Black Skin, White Masks

Black Skin, White Masks Metaphors and Similes

Zebra Striping (Metaphor)

Fanon opens Chapter 3, which is about interracial relationships between Black men and white women, with a metaphor describing his own experience as a Black man:

Out of the blackest part of my soul, across the zebra striping of my mind, surges this desire to be suddenly white. (45)

In this quote, the “zebra striping of my mind” is a metaphor that stands in for the mix of Black and white in Fanon’s psychology. He is Black, but he also participates in certain parts of white culture, for instance as a French-speaking doctor. The point, however, is that just like the stripes of a zebra border each other without blending into gray, the different parts of Fanon’s experience will never erase the Blackness from which he comes, and will never unify into a harmonious whole.

Open Door (Metaphor)

One of the last sentences of Black Skin, White Masks provides this metaphor:

At the conclusion of this study, I want the world to recognize, with me, the open door of every consciousness. (181)

The “open door” refers to the ways in which people can change and how the psychology that has been created under racism can still lead somewhere else. What is also important about this metaphor is that it implies movement: an open door through which one walks. This emphasizes the importance Fanon places on action and claiming freedom through acting in the world, not just knowing the world.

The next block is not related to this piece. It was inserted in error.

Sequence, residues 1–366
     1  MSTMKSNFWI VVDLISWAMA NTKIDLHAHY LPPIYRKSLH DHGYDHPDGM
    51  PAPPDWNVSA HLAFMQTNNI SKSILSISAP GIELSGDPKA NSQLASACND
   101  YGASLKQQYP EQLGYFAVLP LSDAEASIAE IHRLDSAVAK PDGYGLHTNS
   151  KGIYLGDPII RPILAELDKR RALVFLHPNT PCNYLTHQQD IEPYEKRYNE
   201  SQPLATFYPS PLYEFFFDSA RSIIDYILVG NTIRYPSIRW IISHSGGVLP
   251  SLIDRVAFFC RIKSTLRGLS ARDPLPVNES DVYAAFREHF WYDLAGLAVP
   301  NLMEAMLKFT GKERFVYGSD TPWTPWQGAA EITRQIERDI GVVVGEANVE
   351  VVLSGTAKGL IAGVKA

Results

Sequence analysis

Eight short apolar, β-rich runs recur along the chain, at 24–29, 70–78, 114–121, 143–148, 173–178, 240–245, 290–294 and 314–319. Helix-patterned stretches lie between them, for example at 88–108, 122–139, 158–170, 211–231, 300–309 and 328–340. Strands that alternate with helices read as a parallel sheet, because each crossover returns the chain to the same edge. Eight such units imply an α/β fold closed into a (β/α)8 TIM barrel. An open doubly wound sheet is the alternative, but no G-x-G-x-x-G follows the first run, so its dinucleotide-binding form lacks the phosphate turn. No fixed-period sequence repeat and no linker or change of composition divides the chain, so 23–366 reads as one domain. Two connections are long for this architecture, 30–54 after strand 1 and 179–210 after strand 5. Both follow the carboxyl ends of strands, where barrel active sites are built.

Talking Like a Book (Simile)

In Chapter 1, Fanon discusses the role of language. In particular, he shows how language refers to culture, so speaking French is about taking on French culture, for instance. Thus, it is in language that Black people might navigate their own desires to belong to different cultures, and it is also in language that white people can bar others from joining their culture. He then provides a simile for how speaking French in different contexts is perceived:

In any group of young men in the Antilles, the one who expresses himself well, who has mastered the language, is inordinately feared; keep an eye on that one, he is almost white. In France one says, “He talks like a book.” In Martinique, “He talks like a white man.” (11)

Here, talking “like a book” means that in France, Black people who speak French are perceived as not speaking it naturally. Rather, they are speaking it the way it is written down in a textbook. This is a way of claiming the Black person, even though he speaks French, can never be French, because he only learns the culture instead of being born into it.